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New Zealand
United States

Why Team Members Leave

Property Management | February 20, 2019
Jodie Stainton

Recently, I took a snap poll on Facebook to understand the main reasons why team members leave a property management business. The poll resulted in 150 individual responses from property management professionals, and revealed the top three reasons why a team member chooses to leave. It's good news and bad news... you can't fix it with pay!


I say good news about bad news because.. The googd news is you don't need to hand out large pay rises your company cannot afford, but The bad news is it's a much bigger issue than pay. Let me tell you why. You see, the top three voted issues reveal much deeper cultural concerns that seem to be rife in our industry.

What are the top three reasons a team member leaves, you ask?

I left because...

  1. I didn’t feel appreciated in my role
  2. I didn’t feel supported by my superior/Principal
  3. I didn’t feel I had career progression within my agency

For the purposes of this article and because a whopping 58% of people chose this option, I’m going to explore the real reasons why team member's tend not to feel appreciated and well, leave!

It’s not really surprising that this is the number one reason people leave. It’s potentially the number one reason many relationships, work and personal, break down. It’s the hardest thing to get right because it’s completely subjective to the person who feels appreciated or otherwise.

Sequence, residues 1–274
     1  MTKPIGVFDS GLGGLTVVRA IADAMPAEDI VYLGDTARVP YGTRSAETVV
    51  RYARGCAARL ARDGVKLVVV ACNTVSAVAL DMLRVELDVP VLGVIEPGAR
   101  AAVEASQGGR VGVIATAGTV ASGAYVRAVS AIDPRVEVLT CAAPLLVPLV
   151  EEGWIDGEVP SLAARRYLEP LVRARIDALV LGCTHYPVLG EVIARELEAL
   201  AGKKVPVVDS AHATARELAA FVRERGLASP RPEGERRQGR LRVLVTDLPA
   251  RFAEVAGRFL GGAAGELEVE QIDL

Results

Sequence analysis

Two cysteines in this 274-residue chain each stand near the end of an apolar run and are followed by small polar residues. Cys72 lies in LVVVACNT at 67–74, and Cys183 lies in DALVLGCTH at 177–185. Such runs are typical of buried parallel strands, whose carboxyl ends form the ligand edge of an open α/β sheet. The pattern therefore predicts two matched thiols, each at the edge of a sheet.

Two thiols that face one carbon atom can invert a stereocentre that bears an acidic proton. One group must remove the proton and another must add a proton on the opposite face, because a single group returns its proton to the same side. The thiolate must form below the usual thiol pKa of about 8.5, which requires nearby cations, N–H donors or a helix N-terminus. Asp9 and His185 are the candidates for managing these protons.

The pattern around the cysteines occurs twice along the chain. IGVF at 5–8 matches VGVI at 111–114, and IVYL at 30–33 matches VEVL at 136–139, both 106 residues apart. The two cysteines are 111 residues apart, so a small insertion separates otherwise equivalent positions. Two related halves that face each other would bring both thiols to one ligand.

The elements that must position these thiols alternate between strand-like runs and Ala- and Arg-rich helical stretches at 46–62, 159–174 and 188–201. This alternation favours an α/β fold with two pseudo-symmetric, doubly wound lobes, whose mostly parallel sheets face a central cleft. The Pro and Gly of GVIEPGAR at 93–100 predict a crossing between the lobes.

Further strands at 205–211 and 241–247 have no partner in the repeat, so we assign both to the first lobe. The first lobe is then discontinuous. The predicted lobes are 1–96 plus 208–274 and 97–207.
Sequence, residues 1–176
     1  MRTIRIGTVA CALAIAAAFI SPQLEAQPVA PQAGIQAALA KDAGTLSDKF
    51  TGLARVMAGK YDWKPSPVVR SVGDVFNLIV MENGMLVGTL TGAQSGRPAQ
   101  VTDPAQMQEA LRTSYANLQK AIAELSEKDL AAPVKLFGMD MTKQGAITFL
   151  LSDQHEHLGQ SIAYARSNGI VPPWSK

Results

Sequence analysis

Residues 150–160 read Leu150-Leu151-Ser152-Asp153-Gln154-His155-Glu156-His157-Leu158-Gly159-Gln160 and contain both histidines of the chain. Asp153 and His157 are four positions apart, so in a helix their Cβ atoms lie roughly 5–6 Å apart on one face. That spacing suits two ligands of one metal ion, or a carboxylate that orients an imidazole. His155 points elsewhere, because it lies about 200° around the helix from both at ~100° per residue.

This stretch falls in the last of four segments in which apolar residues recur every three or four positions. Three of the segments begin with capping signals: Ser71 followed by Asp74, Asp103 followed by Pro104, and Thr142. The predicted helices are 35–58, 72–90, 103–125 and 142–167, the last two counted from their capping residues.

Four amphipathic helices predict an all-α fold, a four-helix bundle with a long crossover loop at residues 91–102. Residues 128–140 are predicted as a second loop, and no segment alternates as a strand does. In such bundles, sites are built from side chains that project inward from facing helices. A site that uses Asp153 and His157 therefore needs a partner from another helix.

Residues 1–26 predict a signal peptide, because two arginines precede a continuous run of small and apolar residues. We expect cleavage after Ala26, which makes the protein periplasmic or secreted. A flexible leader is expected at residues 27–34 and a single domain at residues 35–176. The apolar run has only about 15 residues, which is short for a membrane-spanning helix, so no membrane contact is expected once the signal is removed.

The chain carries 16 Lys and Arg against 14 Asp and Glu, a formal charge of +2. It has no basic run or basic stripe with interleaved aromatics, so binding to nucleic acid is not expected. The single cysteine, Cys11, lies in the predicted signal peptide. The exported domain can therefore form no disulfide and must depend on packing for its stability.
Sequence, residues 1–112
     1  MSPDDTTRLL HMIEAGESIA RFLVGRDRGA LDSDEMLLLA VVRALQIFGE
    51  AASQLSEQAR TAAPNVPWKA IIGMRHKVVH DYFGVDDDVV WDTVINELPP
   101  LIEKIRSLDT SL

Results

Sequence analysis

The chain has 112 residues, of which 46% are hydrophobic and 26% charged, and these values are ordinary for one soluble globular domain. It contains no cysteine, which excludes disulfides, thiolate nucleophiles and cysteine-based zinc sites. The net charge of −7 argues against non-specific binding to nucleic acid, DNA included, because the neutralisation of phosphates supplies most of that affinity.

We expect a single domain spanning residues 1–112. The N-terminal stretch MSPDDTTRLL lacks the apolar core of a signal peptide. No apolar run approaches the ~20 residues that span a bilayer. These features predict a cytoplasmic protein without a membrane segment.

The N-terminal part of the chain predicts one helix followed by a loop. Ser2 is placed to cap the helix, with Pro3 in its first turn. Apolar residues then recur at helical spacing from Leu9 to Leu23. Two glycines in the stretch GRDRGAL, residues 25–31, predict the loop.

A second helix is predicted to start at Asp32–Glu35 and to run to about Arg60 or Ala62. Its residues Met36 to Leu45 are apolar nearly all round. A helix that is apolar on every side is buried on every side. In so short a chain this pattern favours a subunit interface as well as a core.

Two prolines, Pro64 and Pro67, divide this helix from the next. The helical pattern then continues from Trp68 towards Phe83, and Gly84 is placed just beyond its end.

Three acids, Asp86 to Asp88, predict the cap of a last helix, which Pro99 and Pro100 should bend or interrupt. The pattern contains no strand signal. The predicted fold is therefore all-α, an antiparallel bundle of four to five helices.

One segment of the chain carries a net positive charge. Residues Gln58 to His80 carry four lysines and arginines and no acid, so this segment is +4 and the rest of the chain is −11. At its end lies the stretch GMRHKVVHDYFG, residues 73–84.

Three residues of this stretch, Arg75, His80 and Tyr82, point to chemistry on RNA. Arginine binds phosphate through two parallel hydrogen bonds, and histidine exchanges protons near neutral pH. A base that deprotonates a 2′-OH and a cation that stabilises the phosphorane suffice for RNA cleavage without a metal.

But it’s not helpful to conclude that you can’t make anyone happy and therefore do nothing.

So, how do we ensure our good people feel appreciated? Firstly, we need to establish whether your team members are performing, not just in comparison to others in your team, but to your own company's goals, and the industry benchmark. This is where I believe KPIs are critical to a business. They are not just to ensure work is being completed, they are mostly there to enable you to gauge the value-add a team member is bringing to the business. This can alleviate many of the issues surrounding the problem of feeling unappreciated, as how they are performing is visible and clear to all involved.

However, value is in many ways subjective too - they may add to your culture, add to your systems and processes, add to your local word of mouth growth, your clients may like them and so on and so forth, but for the purposes of this article, I’m talking about the value-add to operational and financial KPI’s.

Once we’ve established the baseline, we can begin to show appreciation.

As stated earlier, people show and receive appreciation differently. You may have experienced this yourself - perhaps you’re the sort of person who deliberates more over the words you write in a card than on the gift that you give. On the other side of the coin, the words in the card may mean more to you than the gift received. Or perhaps you’d rather the person doesn’t send you a gift, but spends some time having a chat over coffee. This leads back to the importance of understanding that each team member, each client and each relationship you form is unique, and you must therefore provide a tailored service and understanding to each individual, *especially in this industry. *

Focusing on the importance of delivering personliased service will help you tremedously in the long run. It can start off small, and may just encompass the different ways to phrase an email to different people to begin. After all, it really is the little things that count.

Our friends at Ailo are on your side, and are dedicated to busting the myths that this industry so commonly leans upon, including the importance of a property manager to a prosperous business. Want to learn more? Have a read of Ailo's recent blog on the myth that PM's are dispensable.

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